Ectropian: Lower lid away from cornea, tissue dries dry eye Surgery, lubricant gels

Lower lid turn in, lashes abrade cornea,Treat with surgery/ soft contact lens
Potential for corneal ulcer (a bad thing)
• Caveat with laser surgery: patient must have no lid disorders! Need good mucin, especially in
immediate post-operative stage. Cornea has to be kept clean and moist for proper healing.

• When using contact lenses, FOLLOW THE RULES! Dispose of solution and lenses when
you are supposed to.
• #1 cause of conjunctivitis is allergy.
• Also called “red eye” (not “pink eye”)
Allergic - Viral – Bacterial –Toxic – Trauma
• If allergic: clear stuff will come out of the eye. Could indicate presence of toxin, foreign
• If discharge is stringy, mucous-y, or possibly clear, this is viral.
• If discharge is yellow-green: this is a bacterial infection. Patients may be given antibiotics,
but this may not help at all. (not sure why…)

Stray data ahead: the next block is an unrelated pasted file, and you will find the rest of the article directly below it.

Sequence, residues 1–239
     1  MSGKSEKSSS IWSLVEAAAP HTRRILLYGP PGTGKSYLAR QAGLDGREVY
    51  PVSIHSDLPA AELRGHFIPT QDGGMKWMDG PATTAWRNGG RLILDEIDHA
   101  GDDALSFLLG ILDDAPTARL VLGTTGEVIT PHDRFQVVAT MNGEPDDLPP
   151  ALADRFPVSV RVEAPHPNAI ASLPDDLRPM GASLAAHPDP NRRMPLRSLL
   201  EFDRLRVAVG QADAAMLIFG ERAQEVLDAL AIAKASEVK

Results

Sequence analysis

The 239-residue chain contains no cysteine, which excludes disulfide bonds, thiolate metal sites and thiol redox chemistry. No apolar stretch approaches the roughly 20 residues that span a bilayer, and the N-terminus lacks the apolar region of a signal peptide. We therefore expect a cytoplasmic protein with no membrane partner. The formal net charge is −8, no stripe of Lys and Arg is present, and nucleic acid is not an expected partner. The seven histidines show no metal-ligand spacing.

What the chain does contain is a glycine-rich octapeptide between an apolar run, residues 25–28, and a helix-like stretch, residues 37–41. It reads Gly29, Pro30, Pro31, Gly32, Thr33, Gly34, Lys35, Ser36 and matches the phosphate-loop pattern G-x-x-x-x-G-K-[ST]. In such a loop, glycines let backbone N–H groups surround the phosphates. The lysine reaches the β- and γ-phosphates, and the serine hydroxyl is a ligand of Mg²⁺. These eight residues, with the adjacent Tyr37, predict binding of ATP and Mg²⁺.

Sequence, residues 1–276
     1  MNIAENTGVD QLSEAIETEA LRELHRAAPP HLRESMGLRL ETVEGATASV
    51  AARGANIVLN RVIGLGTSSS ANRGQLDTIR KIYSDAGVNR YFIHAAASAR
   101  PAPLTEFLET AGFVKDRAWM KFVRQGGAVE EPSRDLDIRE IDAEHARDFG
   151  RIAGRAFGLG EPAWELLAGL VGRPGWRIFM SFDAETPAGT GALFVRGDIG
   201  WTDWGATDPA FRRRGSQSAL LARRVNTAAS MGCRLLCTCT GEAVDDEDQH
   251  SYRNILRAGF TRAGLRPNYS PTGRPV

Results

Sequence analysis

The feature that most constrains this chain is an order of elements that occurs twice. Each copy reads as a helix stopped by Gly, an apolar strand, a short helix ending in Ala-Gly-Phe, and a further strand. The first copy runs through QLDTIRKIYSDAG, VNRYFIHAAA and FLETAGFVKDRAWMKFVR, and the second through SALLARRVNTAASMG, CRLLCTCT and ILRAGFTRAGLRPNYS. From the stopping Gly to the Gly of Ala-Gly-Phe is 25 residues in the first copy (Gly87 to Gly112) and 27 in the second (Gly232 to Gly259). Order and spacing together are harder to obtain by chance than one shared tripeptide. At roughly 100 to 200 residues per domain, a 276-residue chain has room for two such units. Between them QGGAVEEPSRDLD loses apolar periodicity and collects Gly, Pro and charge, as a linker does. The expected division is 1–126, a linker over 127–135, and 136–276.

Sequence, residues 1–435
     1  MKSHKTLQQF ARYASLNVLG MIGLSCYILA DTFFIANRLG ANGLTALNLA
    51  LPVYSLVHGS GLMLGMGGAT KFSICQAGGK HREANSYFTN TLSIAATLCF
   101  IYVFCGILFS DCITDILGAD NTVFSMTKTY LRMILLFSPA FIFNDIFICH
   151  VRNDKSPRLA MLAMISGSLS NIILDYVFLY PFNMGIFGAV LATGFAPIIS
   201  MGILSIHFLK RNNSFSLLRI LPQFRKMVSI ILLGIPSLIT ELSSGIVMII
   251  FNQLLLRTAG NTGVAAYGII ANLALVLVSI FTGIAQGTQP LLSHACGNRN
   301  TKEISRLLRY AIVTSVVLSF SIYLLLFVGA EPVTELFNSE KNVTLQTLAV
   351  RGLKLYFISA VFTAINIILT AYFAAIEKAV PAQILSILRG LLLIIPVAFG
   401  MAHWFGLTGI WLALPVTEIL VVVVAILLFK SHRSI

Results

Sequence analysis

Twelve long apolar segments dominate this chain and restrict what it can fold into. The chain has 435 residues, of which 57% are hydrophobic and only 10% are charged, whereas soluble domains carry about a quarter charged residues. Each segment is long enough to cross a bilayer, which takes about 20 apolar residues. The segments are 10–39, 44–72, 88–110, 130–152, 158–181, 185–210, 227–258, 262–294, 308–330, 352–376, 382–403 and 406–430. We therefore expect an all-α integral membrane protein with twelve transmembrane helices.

Injected vessels
Palpebral – Inner lid
Bulbar – on the eyeball
• No yellow-green discharge, no pain? No problem.
• Eg. “Pink Eye”: common in daycares (epidemic). Contagious, but not treatable. Spreads
through rubbing eyes, through shared towels. No cure for pink eye: treat with hygiene.

Sub Conjunctival Hemorrhage

Solid red appearance to eye. Bleeding under conjunctiva. Burst blood vessel that leaks into
space between conjuctiva and sclera. Can’t see dilated blood vessels as you wood in
Causes? Hypertension, also look for systemic bleeding disorders.
Usually benign
Check Blood pressure
Resolves in two weeks
Possible blood dyscrazia

Giant Papillary Conjunctivitis

Papillae under the upper lid
Soiled soft contact lenses the primary cause
Disposable lenses advocated
Treatment = change contacts or discontinue
Tears and secretions
An even tear film = clear vision
Watery eyes = blur
2nd Most common cause of blurred vision after refractive errors
Causes: marginal blepharitis,lid disorders, dry eye, allergic conjunctivitis, viral conjunctivitis.
Cause changes in the tear film
Age, Envirionment, Allergies, Other diseases

Corneal Ulcer
• Some benign pathologies in other parts of body limit function in the eye: more serious
consequences in the eye. Ulcer on lip? Ok. Ulcer on eye? Painful, red eyes, excessive